Alvarez expressed how receiving the award felt like a beacon of light during this time of global pandemic and injustice toward people of color, especially black and brown people, escalating and becoming more visible. She used a phrase that I have heard her say several times before, that she wanted to continue putting ‘movement into the movement’. A phrase that speaks to her continuing social activism.
“I am so, so honored to be amongst this incredible group of artists. I am so beyond grateful to receive this award,” Dorsey said. “When I have the chance to speak in public or in the community, I often like to begin by saying I Love Being Transgender.” Dorsey explained that he says this because it is true and that transgender and non-conforming communities do not get to hear those words echoed back at them very often. Dorsey said that it was clear that years ago he would not have even been able to dream of receiving such an award as this one. “Twenty years ago, when I began making work in San Francisco, almost nobody was funding transgender artists or putting us onstage. We were told that we did not belong or have a place in dance. So, for twenty years I have passionate about making dances that are created in deep relationship with transgender and queer communities bringing our voices and our histories to the stage.”
Dorsey’s message continued to be passionate and inspiring as he spoke to the history of those who came before him in dance and the “transcestors” whose shoulders he stands upon. “This award is powerful fuel for all of us to continue the community revolutions that we are engaged in this moment fighting white supremacy, anti-blackness, ablism, trans-phobia, misogyny, xenophobia, and state sanctioned violence while uplifting the bodies, stories, dance, music and artistry of our communities.”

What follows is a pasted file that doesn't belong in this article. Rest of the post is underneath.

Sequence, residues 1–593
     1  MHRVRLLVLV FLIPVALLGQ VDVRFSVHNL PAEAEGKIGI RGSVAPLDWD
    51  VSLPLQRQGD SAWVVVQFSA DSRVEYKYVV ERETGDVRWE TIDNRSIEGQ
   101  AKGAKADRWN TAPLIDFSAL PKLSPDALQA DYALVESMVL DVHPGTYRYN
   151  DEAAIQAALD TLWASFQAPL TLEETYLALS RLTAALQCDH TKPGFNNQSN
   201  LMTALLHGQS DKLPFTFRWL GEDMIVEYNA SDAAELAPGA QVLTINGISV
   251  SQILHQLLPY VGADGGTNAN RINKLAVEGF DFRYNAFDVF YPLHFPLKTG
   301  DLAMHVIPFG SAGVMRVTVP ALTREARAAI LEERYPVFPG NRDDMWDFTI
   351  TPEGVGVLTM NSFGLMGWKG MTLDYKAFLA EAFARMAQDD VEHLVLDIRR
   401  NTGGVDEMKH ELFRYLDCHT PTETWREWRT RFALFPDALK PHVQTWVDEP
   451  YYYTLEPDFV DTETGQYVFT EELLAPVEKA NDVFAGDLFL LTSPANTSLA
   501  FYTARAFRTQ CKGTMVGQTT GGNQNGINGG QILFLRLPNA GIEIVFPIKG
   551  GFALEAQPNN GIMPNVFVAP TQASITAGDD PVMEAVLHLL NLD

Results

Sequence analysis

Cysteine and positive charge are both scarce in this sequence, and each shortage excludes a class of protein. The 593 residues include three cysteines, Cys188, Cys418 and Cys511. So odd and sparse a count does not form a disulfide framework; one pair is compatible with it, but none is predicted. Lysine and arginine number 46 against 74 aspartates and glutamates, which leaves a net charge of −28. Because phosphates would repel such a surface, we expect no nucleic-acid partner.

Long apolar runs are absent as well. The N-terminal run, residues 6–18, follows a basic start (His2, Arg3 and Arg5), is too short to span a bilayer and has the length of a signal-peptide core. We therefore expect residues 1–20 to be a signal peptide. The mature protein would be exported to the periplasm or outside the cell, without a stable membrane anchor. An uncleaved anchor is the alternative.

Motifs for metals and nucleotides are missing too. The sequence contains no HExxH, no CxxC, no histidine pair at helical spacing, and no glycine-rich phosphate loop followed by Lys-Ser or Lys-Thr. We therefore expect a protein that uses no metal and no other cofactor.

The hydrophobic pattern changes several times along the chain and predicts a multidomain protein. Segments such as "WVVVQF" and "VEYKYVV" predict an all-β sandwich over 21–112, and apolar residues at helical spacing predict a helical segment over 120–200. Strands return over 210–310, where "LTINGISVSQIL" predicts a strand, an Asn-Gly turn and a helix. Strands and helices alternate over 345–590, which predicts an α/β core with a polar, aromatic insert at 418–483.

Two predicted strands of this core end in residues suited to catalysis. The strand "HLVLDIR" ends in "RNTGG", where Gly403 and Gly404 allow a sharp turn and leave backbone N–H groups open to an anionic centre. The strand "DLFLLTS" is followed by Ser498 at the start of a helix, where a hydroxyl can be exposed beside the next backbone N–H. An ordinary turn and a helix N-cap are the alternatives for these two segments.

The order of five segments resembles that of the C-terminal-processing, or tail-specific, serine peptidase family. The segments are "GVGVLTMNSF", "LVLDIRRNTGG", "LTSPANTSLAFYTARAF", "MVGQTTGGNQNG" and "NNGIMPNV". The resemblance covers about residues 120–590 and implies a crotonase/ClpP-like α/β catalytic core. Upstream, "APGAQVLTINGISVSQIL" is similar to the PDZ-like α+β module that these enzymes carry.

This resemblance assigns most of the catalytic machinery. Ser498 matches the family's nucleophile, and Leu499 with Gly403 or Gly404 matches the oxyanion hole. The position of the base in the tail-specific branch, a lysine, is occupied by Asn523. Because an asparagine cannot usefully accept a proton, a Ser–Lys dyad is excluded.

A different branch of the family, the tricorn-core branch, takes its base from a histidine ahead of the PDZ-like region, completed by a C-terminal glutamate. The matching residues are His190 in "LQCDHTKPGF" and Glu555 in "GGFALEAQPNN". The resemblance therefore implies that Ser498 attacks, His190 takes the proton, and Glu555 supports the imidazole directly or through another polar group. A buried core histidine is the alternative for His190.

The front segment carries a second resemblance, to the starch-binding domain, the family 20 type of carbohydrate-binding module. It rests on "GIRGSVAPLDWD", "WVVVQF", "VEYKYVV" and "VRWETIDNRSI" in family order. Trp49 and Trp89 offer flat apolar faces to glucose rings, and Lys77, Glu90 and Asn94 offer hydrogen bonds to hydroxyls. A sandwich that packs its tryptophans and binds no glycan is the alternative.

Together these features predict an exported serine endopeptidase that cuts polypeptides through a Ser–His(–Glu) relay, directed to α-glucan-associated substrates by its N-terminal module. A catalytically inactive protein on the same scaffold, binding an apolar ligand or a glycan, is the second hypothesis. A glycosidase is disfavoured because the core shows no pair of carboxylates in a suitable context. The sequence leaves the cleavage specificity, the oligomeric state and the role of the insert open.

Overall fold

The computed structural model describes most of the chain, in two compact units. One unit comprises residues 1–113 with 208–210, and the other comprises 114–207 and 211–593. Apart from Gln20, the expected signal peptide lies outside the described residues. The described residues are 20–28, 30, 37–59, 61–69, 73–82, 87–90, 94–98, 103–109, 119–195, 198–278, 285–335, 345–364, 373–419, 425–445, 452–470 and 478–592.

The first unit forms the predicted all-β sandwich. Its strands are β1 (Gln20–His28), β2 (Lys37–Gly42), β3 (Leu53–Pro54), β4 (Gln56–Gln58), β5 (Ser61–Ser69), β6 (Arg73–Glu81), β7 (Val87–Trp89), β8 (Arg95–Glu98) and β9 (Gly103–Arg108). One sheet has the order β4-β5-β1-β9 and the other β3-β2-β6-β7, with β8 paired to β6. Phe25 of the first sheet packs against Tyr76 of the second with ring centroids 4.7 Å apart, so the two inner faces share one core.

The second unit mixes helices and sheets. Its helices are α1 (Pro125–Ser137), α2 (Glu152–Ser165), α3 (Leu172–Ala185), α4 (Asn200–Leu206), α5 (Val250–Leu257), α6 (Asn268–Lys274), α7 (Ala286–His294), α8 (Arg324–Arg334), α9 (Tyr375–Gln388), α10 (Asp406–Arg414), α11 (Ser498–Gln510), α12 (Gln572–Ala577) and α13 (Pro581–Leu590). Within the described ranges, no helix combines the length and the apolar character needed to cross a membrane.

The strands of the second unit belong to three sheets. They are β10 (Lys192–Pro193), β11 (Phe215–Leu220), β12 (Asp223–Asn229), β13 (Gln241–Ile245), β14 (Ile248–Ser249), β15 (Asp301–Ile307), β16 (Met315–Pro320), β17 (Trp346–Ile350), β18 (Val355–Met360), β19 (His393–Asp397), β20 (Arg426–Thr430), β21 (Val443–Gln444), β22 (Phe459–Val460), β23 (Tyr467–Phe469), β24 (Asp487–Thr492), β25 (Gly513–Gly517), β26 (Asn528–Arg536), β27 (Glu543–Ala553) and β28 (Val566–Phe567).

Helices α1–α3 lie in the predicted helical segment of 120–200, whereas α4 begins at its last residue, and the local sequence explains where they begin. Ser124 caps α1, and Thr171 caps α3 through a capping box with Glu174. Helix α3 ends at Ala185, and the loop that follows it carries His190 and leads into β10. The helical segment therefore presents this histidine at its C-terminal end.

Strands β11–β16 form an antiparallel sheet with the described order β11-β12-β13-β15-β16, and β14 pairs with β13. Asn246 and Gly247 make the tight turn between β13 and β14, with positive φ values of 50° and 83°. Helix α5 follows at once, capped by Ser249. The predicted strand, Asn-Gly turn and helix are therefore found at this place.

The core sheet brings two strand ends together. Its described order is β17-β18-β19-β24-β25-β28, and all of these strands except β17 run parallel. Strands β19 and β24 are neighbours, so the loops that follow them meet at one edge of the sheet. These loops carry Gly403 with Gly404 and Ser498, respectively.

“I would like to start by expressing a deep, deep appreciation to the Doris Duke Foundation for this support and recognition for the vision to celebrates war that challenges assumptions and questions the centrality of a privileged narrative of that assumption,” Garcés said. “Theater, a lot like dance and jazz, is an extremely collaborative form in which we make things that are unexpectedly subversive of our own expectations through the process of collective creation, and which hopefully also subvert our audiences’ assumption about each other and to see each other in our humanness.” He went on to thank his creative team and the community around him that continue to support them to continue making theater because they recognize the importance of having a voice in today’s narrative.